Kevin Power
30 April, 2019

We have been working in and around organisations long enough to have noticed a cyclical obsession with changing culture as a panacea for transformation and renewal. But is it helpful to describe this kind of change as if it is something we can master by applying some kind of cause and effect approach?

Mastering what is elusive

It is often the context for what I do in my work and yet I still hesitate to call myself an expert in something that is so elusive and therefore unmanageable. The subject demands humility yet it doesn’t stop us from thinking that we can somehow shape and control it.

Amongst the myriad of definitions you can find about organisational culture you will often discover terms that refer to patterns of human interaction such as behavioural norms, narratives, rituals and the significance of relationships. Then there are contextual factors such as symbols, artefacts and the aesthetics of the working environment Whatever aspects we have in mind it has consequences for how we think about cultural change as well as the actions that stem from these assumptions.

What is also interesting is that the etymology of the word has Latin and French origins and has evolved from an agricultural metaphor – the cultivation of land and crops from the early Middle Ages. So it does imply the notion of ‘controlled change’ as a base metaphor especially when you examine how it came to be used in philosophical thought through the ages:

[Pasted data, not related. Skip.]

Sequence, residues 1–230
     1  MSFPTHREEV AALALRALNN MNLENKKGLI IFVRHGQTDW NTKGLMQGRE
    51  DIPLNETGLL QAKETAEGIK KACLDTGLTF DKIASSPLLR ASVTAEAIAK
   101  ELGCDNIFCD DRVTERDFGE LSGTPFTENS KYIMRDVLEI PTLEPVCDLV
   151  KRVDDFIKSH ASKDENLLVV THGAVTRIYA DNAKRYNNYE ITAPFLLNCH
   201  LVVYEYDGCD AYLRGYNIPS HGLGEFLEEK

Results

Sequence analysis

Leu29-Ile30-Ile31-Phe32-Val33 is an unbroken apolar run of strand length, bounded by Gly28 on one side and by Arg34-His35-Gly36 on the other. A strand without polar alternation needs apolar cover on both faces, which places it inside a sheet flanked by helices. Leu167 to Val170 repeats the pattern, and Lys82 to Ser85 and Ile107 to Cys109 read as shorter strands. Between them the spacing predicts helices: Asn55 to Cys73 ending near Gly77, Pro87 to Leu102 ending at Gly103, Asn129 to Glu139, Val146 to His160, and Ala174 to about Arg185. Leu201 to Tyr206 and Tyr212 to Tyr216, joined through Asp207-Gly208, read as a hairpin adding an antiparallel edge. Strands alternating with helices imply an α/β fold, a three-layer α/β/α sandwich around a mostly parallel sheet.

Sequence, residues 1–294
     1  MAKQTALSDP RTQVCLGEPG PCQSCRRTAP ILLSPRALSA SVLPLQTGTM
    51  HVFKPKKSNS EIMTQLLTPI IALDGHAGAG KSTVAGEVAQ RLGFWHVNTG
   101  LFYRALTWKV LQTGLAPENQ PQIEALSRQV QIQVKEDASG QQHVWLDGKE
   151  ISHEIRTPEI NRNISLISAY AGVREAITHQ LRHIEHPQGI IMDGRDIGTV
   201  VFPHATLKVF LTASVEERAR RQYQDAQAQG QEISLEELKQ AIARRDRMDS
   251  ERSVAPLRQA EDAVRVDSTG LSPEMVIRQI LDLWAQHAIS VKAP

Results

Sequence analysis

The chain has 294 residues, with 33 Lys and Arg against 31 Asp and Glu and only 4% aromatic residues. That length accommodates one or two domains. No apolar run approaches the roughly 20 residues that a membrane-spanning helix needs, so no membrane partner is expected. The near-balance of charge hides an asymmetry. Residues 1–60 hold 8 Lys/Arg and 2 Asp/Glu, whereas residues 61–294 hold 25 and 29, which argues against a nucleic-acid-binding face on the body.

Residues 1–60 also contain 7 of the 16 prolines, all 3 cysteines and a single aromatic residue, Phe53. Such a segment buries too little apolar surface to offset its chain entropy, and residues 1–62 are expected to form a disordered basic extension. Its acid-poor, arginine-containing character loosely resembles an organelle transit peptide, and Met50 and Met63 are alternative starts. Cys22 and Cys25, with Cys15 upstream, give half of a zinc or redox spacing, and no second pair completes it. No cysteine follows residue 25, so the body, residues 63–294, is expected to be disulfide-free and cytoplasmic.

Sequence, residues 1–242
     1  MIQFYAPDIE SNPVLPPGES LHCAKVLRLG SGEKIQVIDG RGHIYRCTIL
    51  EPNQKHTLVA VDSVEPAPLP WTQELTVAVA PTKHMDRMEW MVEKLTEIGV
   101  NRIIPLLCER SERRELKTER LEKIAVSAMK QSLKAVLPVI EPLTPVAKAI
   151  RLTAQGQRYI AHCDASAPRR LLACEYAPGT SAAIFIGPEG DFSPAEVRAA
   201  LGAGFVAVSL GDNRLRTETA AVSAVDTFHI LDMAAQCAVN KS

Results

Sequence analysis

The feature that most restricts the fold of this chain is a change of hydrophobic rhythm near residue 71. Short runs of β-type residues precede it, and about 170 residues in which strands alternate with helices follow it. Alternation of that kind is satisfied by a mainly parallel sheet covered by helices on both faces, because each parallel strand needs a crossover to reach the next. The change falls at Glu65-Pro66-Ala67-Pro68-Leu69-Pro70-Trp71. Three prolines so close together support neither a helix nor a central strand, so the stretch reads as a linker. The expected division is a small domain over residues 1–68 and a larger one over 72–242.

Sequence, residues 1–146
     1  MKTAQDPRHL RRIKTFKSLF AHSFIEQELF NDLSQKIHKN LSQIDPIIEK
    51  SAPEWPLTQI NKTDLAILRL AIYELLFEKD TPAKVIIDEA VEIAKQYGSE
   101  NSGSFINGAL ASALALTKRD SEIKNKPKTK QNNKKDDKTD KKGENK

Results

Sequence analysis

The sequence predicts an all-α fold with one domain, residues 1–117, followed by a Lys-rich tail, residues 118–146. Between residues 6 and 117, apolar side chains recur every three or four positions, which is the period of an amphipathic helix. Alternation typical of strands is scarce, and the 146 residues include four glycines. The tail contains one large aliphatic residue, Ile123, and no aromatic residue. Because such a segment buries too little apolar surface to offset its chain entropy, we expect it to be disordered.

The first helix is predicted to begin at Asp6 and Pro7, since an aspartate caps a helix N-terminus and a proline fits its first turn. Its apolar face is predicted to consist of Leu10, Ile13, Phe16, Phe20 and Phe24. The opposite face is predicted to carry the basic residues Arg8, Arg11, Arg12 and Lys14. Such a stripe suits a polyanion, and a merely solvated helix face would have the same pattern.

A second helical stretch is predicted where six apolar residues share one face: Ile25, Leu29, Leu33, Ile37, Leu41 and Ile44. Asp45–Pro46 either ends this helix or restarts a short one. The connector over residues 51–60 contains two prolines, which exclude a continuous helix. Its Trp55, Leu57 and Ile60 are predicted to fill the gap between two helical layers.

“All the ways in which human beings overcome their original barbarism and, through artifice, become fully human” (Samuel von Pufendorf, 1632-94).

This way of thinking continued to evolve through to the last century, especially with the emergence of the social sciences, where the gaze turned to communities and tribes in different geographical contexts. As anthropologists in particular became more aware of their ethical responsibilities, they became less interested in any notions of cultivation and more on learning from their observations and insights about social systems of people. Hence the less goal-orientated idea of a noun called ‘culture’ where we were becoming more interested in what is rather than what should be.

The Petri Dish of Life